• Asynchronicity - Becaus AJAX is asynchronous the script following the callback will be executed before the callback was executed. The only way to solve that problem is to use the callback as it's intended to.

Take a look at this.

function getEle (id, callback) {
        var element = []; 

        $.ajax({
            url: 'slides.php',
            type: 'POST',
            data: {"id": id},
            success: function(data) {
                var content = data;
                element[0] = id;
                element[1] = content;

                callback(element);
            }
        });
    }
}

getEle ("someID", function(someElement) {
    alert(someElement);
});
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Your callback executes some time after the rest of your code finishes.

You need to pass the value back using a callback, the way $.ajax does.

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Your alert ends up being undefined because the AJAX call is asynchronous. So while that AJAX call is waiting for the server's response, the script continues on to the alert, at which point element[1] is not yet defined.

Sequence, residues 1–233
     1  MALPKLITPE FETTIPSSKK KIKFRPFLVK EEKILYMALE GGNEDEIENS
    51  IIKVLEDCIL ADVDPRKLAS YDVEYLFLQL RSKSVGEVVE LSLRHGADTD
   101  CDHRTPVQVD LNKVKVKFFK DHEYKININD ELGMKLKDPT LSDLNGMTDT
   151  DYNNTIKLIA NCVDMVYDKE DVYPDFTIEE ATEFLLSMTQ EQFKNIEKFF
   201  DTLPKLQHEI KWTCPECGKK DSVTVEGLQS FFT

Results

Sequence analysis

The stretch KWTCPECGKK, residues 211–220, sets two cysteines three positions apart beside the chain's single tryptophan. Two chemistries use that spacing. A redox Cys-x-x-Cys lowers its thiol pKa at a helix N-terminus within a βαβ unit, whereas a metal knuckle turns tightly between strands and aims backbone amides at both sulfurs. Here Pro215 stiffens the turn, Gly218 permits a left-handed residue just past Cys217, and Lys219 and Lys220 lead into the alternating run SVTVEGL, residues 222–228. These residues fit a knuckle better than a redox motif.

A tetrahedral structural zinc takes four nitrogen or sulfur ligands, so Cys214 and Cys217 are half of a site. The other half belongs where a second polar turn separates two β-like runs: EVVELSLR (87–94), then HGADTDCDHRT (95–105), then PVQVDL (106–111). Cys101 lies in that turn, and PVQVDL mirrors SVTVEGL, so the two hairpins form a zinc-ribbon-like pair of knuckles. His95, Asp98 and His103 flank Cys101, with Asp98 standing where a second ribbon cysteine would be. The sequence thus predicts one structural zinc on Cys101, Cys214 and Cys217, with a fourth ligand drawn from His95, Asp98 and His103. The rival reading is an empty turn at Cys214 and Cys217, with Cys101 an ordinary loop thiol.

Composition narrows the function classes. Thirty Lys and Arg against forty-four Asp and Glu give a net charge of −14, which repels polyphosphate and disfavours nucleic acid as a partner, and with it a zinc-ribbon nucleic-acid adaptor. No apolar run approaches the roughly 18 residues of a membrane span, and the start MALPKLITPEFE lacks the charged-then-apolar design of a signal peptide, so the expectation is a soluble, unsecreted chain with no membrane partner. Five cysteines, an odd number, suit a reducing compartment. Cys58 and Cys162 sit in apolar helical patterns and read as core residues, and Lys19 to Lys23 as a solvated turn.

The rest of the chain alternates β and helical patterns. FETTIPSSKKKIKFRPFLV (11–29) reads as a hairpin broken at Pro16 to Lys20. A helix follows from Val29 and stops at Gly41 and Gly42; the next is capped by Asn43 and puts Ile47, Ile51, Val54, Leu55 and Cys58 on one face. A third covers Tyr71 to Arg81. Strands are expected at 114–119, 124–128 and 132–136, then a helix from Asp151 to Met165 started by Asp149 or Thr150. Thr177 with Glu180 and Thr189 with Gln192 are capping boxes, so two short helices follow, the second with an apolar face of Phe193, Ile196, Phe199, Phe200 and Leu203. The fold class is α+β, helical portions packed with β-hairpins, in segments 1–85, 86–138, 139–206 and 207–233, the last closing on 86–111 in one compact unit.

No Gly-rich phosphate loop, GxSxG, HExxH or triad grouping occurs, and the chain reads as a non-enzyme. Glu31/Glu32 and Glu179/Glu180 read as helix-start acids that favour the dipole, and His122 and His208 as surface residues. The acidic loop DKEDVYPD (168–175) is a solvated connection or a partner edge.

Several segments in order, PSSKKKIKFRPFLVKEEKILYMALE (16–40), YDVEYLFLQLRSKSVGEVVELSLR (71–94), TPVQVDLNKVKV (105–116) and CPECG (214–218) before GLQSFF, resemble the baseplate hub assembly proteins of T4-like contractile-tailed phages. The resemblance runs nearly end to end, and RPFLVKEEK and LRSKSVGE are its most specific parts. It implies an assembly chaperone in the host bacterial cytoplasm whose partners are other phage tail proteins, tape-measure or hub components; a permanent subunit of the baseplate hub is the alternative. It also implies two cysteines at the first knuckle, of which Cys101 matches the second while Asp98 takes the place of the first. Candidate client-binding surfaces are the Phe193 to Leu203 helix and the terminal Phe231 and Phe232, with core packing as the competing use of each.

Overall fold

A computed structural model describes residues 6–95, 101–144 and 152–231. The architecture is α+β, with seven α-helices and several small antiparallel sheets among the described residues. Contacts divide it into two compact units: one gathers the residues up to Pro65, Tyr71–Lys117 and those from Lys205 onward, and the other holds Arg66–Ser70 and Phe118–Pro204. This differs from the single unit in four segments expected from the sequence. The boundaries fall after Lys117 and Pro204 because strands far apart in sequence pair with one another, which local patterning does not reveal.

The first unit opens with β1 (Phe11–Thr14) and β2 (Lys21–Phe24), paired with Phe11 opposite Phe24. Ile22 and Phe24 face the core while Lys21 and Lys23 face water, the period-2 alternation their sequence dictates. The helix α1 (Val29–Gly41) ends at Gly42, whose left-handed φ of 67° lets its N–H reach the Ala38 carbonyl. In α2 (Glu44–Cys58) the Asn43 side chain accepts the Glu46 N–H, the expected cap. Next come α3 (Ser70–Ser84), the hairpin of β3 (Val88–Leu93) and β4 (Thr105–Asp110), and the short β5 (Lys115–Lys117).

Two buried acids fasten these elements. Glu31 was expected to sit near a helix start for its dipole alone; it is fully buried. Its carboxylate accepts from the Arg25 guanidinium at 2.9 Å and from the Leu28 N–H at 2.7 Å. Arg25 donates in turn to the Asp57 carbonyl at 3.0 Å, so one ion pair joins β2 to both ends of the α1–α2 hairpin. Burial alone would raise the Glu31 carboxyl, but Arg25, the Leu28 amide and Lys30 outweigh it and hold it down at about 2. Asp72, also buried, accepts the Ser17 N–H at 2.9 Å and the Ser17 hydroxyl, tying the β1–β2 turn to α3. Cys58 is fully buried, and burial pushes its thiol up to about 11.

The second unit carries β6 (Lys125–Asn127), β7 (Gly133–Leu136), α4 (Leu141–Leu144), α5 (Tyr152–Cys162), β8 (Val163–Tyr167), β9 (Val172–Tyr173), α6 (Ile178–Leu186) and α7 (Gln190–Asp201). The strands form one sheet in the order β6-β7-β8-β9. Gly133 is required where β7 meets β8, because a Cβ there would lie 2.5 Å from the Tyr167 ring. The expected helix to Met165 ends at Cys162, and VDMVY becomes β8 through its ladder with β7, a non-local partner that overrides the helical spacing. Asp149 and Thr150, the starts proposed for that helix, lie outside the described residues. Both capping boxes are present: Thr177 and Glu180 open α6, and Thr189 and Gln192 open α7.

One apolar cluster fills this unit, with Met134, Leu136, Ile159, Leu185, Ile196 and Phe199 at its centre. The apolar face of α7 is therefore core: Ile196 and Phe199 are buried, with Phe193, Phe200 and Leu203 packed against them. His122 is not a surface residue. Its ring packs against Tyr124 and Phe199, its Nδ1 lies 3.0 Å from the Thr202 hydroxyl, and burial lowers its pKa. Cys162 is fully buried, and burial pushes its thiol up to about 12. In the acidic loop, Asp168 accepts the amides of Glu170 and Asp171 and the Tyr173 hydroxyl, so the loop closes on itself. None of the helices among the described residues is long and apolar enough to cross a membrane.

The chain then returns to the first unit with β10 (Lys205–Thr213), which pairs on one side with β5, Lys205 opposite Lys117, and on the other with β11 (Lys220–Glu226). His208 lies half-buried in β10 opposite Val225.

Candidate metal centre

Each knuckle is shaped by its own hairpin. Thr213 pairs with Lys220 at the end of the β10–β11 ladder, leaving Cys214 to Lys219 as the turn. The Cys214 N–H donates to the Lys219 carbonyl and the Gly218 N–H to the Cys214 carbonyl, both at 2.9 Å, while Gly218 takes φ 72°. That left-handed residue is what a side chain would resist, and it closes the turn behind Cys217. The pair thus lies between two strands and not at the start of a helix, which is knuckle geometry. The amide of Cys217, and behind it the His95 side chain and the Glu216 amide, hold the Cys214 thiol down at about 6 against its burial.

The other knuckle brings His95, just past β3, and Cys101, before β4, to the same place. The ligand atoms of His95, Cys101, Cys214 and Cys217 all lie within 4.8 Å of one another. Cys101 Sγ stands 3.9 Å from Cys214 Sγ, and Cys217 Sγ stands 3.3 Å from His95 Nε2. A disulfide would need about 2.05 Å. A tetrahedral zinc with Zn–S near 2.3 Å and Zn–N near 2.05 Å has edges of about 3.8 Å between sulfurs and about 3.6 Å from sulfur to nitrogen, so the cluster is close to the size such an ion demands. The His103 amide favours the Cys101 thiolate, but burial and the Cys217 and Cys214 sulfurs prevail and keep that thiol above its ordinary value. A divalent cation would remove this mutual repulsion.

You should place your return element line inside of the success callback function.

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That won't help. –  SLaks Nov 3 '11 at 13:00
    
you are very right about the async thing, but are you sure the return in the success function will work? I mean will make the getEle function return something? –  alinn Nov 3 '11 at 13:02
    
I would make the ajax call syncronous –  alinn Nov 3 '11 at 13:02
1  
@alinn, I wouldn't make the AJAX call synchronous. That kind of defeats the whole purpose of AJAX. I would simply use the results of the AJAX call in the success callback. –  Darin Dimitrov Nov 3 '11 at 13:03
    
@Darin Dimitrov, sycnchrounous ajax does not defeat the purpose of AJAX imo. I just suggested the simplest solution. What you suggested is good as long as you don't do a lot of operations with the ajax response (thinking of how it would look). An event can be triggered also, or a callback function sent as parameter to the myEle function (the function being called inside the response function) to make the code look prettier. –  alinn Nov 3 '11 at 13:10